Thoughts after a few months of xmonad

To be honest, when I first installed xmonad, I didn’t think I would like it. I felt it had too high of a learning curve and wouldn’t be worth my initial investment. I was quite wrong, I think my search for the “perfect window-manager” may be over, at least for now.

Xmonad is a dynamic tiling window manager. It’s basic job is to manage placement of your windows, however, it can be extended to incorporate many other features such as virtual desktops, transparency and panels. By default Xmonad comes with a very minimal install, you will have no window decorations or status bars. Most users will require some level of customization to reach the desired level of functionality.

Xmonad is configured using a haskell configuration file, which you will recompile and then reload (on-the-fly, no logout required). Rinse & repeat as necessary. I’ve personally always been a bit afraid of haskell’s syntax, and still don’t really understand any of it, but I’ve figured enough out to properly configure my setup. I spent the better part of a few weekends deep in the documentation for xmonad and pulling different bits from any other xmonad.hs file I could find online. Many times this resulted in a non-working configuration, but sure enough I figured it out. Right now my configuration is working, is somewhat documented and (I think) has a decent framework to add extra functionality later on.

Most users would also like to have a panel, or even a place for status icons to sit. Following the minimalistic approach, Xmonad does not include these features in it’s core. When there is a will, there’s a way though. Xmobar is the software I am using to provide a system panel. Trayer is the software I use to provide a status icon area. Both pieces of software are very well documented, and in my experience, very easy to integrate with your Xmonad configuration

As far as performance and stability, I don’t recall having any issues whatsoever. Even at the times when my system is under a full load, xmonad still performs quickly and reliably. I also don’t think xmonad has ever actually crashed on me, except for a few botched config files of my own doing. It definitely puts your mind at ease when you feel like the system is rock solid beneath you.

Going back to the extra functionality, I haven’t found anything more I could want. Sure, I spent a week or two adding all the bells & whistles to mess around. And sure enough, I’d end up removing them to clear some of the clutter. I’ve decided to take a bare-bones approach to window-management from now on.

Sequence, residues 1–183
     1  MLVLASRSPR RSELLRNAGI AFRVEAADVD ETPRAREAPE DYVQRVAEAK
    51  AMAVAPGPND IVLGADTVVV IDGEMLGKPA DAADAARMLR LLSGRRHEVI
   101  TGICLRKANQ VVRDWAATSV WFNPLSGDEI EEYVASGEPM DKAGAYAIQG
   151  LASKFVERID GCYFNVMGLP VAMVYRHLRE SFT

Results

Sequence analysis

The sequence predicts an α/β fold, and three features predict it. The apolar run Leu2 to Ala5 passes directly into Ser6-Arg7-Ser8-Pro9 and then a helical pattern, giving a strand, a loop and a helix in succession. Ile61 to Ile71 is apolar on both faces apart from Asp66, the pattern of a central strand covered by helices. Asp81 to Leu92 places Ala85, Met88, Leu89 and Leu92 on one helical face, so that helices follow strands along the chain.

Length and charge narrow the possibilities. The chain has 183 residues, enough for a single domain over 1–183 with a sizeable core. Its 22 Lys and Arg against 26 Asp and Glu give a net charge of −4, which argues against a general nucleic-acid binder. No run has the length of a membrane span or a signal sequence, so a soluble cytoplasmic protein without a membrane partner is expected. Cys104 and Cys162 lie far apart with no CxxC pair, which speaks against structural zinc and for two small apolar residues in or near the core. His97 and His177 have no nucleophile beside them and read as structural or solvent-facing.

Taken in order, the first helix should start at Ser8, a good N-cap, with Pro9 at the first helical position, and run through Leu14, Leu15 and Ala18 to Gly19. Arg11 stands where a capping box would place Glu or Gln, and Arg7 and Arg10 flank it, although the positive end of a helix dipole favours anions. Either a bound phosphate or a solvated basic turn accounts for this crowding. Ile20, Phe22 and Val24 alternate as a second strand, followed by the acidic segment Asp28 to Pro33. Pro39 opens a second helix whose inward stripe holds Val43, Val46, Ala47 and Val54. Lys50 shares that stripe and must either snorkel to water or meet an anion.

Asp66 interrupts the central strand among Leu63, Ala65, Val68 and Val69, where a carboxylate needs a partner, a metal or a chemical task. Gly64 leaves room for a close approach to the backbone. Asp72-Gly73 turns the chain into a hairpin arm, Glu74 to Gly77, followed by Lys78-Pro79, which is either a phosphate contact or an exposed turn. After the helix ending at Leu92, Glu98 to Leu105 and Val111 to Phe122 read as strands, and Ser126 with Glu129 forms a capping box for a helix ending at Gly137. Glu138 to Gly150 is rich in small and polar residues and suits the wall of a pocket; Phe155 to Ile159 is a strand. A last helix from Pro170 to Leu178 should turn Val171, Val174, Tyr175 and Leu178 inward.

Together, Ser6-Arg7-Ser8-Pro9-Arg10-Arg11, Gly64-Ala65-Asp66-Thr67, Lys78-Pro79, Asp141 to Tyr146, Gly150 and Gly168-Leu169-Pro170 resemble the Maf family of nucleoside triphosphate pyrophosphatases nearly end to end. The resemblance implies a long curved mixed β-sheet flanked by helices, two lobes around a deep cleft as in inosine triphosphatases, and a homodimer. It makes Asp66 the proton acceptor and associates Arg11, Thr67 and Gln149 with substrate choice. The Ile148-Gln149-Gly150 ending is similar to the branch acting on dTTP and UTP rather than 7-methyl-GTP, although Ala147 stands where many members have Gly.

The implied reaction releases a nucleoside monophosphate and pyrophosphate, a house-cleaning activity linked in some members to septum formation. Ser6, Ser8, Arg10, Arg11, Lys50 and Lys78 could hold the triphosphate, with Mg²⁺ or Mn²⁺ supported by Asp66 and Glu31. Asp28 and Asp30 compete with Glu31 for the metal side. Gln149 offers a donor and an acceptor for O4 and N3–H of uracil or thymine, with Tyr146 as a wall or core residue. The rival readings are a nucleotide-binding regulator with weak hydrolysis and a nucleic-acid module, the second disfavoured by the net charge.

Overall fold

Xmonad Desktop July 2011

Xmonad Desktop July 2011

Xmonad Homepage
Xmobar Homepage
My xmonad.hs
My xmobarrc

15 Comments

  1. Stian says:

    Is that Steam in your tray?

    • Nick says:

      It definitely is. I’ve actually found that Steam seems to run very well using wine. So far I have been able to run Team Fortress 2, Counter-Strike: Source and Civilization IV: Beyond The Sword through Steam with very minimal tweaking.

      I’ve been very impressed with the gaming situation on linux now as opposed to a few years ago. Much improvement has been made, especially in the area of running windows games on linux.

  2. Thanks for posting such a nicely documented xmonad configuration file. Can you also share with us your ~/.xinitrc. Just want to know what config you are using for the trayer.

  3. Dawne Arleth says:

    I will be coming back to your blog for more soon.

  4. Flora says:

    Not bad at all fllaes and gallas. Thanks.

  5. Precious says:

    I might be beating a dead horse, but thank you for positng this!

  6. Cyb says:

    Are xmonad alive? I’m waiting for new realeases (with bugfixes for java issues) since 2009 )-:
    But it still rocks

  7. Portnov says:

    @Cyb
    It’s live and active, but there really were no any releases since 2009. If you want latest version, get it from darcs (darcs get http://code.haskell.org/xmonad; darcs get http://code.haskell.org/XMonadContrib). Gwern is about to release 1.0 in near future, but there are only plans. Nobody knows when that release will be done.

    As for Java applications issues, it’s not a xmonad bug, but Java one. See http://www.haskell.org/haskellwiki/Xmonad/Frequently_asked_questions#Problems_with_Java_applications.2C_Applet_java_console, for example.

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